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psychoceramics: Riley M. Sinder - Usenet Robot

For a while last year, one "Riley M. Sinder" was tearing up the atheist and
evolutionist usenet newsgroups.  Then, come December, '96, we all find out
he's just a 'bot, a psychology project.  Boy, was I cheesed off, since
I'd argued with him.

Well, he's back.  A quick check in dejanews shows that he's been active
since about January 6th, although someone is mercifully cancelling all
'his' articles.

Here's one of the usenet articles that documented "Sinder's" being a 'bot.
If anyone can get me the original article, or a cite for the paper
resulting from the research, I'd be grateful.

Subject:      Re: Exposed: Riley Sinder is a graduate school project
From:         myers @ netaxs.com (Paul Z. Myers)
Message-Id:   <myers-y--@n--.netaxs.com>

In article <meredith.scsn.net-1--@c--.scsn.net>,
meredith.scsn.net (Kevin Meredith) wrote:

> I'm passing this on. I believe this answers the who and why of Riley Sinder.
> From the Nov. 27 issue of the "Frontman," the student newspaper of the
> University of Chicago:
> By Claira Duvensky
> Staff Writer
>      If the Usenet newsgroup you frequent seems a little more active
> lately, you can thank a team of six UofC psychology graduate students
> researching debating behavior on the Internet.
>      The students have created an Internet character, given him an
> unpopular cause, and even created a personality for him as they used him
> to spar with real people all over the world.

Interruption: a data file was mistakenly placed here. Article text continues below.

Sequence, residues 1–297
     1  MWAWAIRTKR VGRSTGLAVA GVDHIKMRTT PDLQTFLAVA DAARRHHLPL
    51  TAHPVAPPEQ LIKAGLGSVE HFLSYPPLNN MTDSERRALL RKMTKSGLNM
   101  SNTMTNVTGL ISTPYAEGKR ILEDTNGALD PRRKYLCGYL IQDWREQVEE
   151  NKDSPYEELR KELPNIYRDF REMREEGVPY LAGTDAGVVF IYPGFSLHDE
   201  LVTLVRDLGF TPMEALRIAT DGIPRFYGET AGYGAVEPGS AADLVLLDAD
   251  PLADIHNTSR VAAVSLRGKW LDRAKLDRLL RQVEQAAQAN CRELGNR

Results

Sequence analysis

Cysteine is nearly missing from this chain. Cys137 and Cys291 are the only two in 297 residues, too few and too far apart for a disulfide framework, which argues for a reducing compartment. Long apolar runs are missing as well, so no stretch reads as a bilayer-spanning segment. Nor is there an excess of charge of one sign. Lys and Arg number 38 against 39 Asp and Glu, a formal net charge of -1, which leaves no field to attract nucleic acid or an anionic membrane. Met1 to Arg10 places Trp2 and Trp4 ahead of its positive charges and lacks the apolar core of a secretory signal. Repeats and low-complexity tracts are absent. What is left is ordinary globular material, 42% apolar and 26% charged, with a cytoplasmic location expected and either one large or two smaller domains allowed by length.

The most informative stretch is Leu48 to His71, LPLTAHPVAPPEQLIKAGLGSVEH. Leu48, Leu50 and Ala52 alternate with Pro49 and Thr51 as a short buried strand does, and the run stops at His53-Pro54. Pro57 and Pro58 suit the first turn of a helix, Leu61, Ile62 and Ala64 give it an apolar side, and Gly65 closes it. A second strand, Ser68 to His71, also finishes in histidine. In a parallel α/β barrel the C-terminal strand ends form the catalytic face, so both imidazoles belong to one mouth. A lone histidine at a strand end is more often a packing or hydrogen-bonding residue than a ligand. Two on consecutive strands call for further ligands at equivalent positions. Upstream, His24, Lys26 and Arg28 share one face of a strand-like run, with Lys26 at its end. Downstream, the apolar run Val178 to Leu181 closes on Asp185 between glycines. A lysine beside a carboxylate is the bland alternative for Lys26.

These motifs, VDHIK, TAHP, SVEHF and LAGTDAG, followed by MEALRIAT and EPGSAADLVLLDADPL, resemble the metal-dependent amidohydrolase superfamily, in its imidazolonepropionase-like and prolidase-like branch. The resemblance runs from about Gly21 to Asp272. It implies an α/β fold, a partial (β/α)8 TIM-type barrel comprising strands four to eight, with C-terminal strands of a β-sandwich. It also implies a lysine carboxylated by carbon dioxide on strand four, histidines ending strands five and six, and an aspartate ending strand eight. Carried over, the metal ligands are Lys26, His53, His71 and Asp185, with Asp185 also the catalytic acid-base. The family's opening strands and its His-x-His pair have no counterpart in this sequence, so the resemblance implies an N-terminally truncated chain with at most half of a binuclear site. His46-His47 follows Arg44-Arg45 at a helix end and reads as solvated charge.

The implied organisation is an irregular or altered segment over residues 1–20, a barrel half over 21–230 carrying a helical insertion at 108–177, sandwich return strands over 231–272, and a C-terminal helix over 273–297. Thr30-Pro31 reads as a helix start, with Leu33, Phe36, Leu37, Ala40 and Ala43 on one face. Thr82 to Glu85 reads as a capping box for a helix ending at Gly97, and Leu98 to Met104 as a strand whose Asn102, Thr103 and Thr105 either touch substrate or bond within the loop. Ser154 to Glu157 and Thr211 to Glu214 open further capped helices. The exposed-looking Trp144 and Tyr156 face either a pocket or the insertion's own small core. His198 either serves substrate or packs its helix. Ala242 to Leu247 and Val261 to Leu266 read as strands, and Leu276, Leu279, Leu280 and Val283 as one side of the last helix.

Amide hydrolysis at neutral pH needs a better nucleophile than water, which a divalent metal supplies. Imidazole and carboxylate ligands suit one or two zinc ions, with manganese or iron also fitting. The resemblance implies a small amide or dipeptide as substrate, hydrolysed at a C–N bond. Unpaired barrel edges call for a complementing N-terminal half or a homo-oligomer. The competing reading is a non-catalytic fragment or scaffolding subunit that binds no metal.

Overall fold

>      "The results have been fascinating," says team member Ehmed Mudjavi.
> "People have gone to a great deal of trouble to respond to our character,
> and have even gotten really angry at him on occasion."
>      The team has dubbed its creation "Riley Sinder," and an account was
> opened up under that name with Netcom, an Internet service provider
> (Riley's e-mail address, r--@n--.com, is based on the UofC lacrosse
> team's colors).
>      Since the start of the term, the students have been regularly posting
> under Riley's name to more than a dozen political, religious and
> philosophical newsgroups.
>      All the posts argue a single point: that creationism should be taught
> in public school science classes.
>      "We wanted to give him an unpopular viewpoint in order to generate
> more comments," explains group member Karen DuPres. "But we didn't want to
> make him outrageous."

Didn't they fail on this last point? I thought this Sinder nitwit (oops,
"persona") was a flaming nutcase!

Paul Myers                               Department of Biology
m--@n--.com                         Temple University
http://fishnet.bio.temple.edu/           Philadelphia, PA 19122